2. "The 4xxx series graphics do not meet the requirements for Win8". False. Windows 8 graphics requirements are the same as Windows 7. WDDM has practically not changed since Vista, and the only requirement is being able to support DirectX 9, which the Radeon HD 4xxx series supports. "Does not meet the requirements" VS "Driver not compatible because the graphics manufacturer being too lazy to update it" is not the same thing.

 

3. Everything in this laptop is working perfectly in Windows 8.1 and has a compatible driver, except the graphics card. Things that didn't work out of the box with the Windows 7 drivers have been updated by their respective manufacturer with a Windows 8 driver (touch screen for example).

 

4. "You obviously didn't check to see if your laptop could support Win 8.1. It does not". The MS upgrade advisor does not agree with you. A 2010 laptop should be able to support the next generation of the OS it has been built for without any problems. I have put Windows 7 on 10 year old PCs with no issues. Why Windows 8.1 wouldn't work on a 4 year old laptop? It's not like if the requirements have changed, they even got lower. It's not because Dell does not officialy support the OS it that is not compatible.

 

5. I will not go back to Windows 7, for a number of reasons, notably because of touch screen features, multi-monitor taskbar, better performance and stability, etc. If you don't like Windows 8.1, that's fine, but as far as I am concerned, I am enjoying it.

 

6. NVidia has full Windows 8.1 support for 5+ years old chips, like the GeForce 100 series. My 6 year old NVidia graphics card in my desktop PC supports Windows 8.1 perfectly. This problem I'm having right now confirms I will definitely stick with NVidia chips in the future.

 

7. Why does AMD considers the Radeon HD 4650 as a legacy graphics card is beyond me. They stopped supporting it only 2 years (last stable driver being from 2012) after it stopped being sold in laptops in 2010.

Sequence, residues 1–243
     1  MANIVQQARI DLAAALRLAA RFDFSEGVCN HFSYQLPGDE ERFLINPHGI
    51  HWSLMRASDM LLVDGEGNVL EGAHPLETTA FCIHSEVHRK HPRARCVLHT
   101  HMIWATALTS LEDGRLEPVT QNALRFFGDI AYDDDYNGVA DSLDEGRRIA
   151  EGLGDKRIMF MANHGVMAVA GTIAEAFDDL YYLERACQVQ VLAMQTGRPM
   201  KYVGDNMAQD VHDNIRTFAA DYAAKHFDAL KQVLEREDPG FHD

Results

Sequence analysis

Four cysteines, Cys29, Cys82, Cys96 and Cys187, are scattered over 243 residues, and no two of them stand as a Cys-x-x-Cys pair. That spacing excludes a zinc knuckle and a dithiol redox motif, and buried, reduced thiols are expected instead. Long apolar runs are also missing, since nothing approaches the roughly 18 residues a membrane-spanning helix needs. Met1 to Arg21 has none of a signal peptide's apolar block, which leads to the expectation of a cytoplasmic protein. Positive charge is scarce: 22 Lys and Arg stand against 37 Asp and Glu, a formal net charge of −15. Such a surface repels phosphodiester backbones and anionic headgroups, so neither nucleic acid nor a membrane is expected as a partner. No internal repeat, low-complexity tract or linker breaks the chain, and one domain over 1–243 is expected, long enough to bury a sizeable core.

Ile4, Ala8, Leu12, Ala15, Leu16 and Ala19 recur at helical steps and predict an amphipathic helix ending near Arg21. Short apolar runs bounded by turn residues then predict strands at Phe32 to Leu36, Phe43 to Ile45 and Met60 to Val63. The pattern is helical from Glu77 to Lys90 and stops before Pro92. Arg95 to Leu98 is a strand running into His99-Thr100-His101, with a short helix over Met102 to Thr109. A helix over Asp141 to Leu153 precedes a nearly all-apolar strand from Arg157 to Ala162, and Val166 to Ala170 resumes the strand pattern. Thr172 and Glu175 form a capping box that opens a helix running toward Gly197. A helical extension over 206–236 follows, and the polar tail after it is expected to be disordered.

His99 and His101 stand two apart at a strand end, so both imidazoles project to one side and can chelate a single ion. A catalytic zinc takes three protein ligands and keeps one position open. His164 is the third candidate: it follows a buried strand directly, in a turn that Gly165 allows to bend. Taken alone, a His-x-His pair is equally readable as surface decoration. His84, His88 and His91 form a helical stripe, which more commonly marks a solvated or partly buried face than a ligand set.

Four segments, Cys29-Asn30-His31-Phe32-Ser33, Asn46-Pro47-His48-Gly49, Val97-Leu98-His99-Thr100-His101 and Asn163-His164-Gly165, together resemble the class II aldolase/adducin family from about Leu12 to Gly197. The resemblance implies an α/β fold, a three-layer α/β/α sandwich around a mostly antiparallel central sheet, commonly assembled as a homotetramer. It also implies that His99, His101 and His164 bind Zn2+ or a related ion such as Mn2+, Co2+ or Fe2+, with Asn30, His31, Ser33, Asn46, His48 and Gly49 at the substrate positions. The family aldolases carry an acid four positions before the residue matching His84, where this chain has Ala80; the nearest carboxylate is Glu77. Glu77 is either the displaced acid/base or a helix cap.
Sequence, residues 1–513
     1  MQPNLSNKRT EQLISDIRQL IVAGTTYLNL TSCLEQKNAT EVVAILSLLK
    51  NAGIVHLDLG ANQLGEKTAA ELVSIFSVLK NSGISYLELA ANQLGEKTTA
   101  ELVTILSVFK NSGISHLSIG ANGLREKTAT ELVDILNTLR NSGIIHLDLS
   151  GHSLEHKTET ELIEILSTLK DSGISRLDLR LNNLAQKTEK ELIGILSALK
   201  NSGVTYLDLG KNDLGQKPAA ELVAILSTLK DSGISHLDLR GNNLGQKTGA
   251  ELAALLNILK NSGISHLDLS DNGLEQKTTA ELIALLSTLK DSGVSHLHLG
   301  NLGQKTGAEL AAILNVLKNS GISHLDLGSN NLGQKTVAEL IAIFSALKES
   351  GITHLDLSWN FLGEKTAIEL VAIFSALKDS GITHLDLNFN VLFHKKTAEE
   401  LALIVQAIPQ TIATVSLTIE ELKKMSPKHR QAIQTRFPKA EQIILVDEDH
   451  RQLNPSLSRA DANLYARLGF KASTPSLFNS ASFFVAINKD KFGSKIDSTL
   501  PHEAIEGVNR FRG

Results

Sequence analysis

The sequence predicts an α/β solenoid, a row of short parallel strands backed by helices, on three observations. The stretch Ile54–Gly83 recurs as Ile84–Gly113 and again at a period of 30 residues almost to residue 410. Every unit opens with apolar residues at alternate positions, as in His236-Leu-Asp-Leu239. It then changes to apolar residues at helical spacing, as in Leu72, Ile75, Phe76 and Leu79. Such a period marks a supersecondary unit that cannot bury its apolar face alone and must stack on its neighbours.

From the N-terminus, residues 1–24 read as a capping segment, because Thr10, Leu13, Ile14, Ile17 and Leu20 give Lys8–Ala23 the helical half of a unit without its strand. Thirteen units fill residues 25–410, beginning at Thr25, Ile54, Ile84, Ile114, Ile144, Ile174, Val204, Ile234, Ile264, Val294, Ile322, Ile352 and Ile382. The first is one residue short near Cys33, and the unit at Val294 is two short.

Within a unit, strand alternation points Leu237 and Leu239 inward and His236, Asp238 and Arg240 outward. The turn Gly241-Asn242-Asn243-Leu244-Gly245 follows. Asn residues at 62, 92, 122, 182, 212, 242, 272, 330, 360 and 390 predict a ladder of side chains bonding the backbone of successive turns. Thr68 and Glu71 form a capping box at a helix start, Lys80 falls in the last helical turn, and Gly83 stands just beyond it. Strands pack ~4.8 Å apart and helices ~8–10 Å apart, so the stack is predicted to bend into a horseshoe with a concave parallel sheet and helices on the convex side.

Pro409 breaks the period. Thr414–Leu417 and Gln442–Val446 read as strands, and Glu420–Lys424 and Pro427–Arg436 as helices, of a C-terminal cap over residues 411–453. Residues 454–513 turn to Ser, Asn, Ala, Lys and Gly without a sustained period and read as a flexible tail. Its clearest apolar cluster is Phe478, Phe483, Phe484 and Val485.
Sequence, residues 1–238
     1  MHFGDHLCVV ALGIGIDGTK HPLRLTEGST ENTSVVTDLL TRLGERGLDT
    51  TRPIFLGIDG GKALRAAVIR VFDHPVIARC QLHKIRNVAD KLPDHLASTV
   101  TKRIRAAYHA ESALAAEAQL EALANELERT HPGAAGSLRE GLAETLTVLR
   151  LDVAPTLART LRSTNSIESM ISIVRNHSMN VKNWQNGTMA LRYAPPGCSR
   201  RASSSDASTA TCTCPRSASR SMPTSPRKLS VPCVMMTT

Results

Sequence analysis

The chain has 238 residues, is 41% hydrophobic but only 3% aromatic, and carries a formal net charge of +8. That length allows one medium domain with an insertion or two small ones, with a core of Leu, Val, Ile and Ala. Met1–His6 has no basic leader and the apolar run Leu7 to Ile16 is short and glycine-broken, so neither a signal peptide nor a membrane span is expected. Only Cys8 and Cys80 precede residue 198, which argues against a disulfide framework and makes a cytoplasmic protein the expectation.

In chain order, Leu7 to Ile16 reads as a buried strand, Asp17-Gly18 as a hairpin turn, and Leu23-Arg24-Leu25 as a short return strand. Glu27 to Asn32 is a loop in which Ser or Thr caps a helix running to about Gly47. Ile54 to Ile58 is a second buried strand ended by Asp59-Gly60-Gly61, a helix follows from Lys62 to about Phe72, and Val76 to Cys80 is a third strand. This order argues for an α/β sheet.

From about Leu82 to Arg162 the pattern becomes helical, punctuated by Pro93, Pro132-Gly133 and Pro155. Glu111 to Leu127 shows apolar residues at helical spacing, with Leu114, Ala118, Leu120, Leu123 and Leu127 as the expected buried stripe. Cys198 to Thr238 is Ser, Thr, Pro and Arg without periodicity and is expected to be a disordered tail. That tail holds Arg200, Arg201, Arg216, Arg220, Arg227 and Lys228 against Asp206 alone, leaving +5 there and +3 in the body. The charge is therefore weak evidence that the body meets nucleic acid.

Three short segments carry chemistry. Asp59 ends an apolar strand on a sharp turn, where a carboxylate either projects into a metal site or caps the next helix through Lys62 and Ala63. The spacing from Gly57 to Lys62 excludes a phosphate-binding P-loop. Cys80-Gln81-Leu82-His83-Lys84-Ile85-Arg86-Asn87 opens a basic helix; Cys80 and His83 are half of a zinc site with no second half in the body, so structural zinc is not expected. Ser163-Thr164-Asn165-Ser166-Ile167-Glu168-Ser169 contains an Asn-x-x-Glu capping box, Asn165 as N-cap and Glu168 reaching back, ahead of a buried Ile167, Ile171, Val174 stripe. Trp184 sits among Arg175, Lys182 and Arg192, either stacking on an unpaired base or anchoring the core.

Doing a little Google search shows tons of people having the same concerns.

 

 

 

1. Let's just skip this one...

2. If it was true, you could just use Vista drivers.

3. Sad, but end of support means end of support.

4. It's all about money. M$ stops supporting old systems to force you to buy new ones. AMD stops supporting old cards to force you to buy new ones. Otherwise everyone would use old cards (game system requirements haven't changed for many years) and AMD (and nvidia and Intel) would lose sales, maybe go bankrupt. A company won't go bankrupt because it wants to, it will use little tricks to survive.

5. Put 7 back to the laptop, sell it and get a new one that is supported. Or replace the card if it's replacable.

6. Nvidia also moved all it's non-DX11 cards to legacy state. The 100 series is not older a bit than the Radeon 5k series. You only see more generations for 2 reasons. 1. the Fermi fiasco. 2. because they rebrand more cards than AMD.

7. Stated in #4. A company isn't driven by feelings or what is fair. It makes decisions based on economy. They have to sell something to someone. Nobody would buy cards otherwise when ancient ones are still able to run any game. Well, would be...

 

Yes, it's a sad story, I was also very annoyed when it happened. Not because of W8, it didn't even exist yet, but because driver updates stopped coming. However, my 4850 died after a while (made in China...) so I had to update and have no legacy concerns since then.

 

When you finally get new hardware (in 2 weeks or 10 years, doesn't matter) you also won't care too much, just like you don't care now that an MX440 has no Windows 7 driver.



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CPU: AMD Phenom II X4 810 @ 3120MHz | RAM: Kingmax 2x2GB DDR2 800 @ 833MHz| MoBo: MSI K9A2 CF v1.0 (BIOS: 1.D)| GPU: Asus HD 6850 1024MB (DirectCu) @ 835/1135MHz | Display: L24FHD | PSU: PC Power & Cooling Silencer 750 Quad | OS: MS Windows 3.11 Pro x64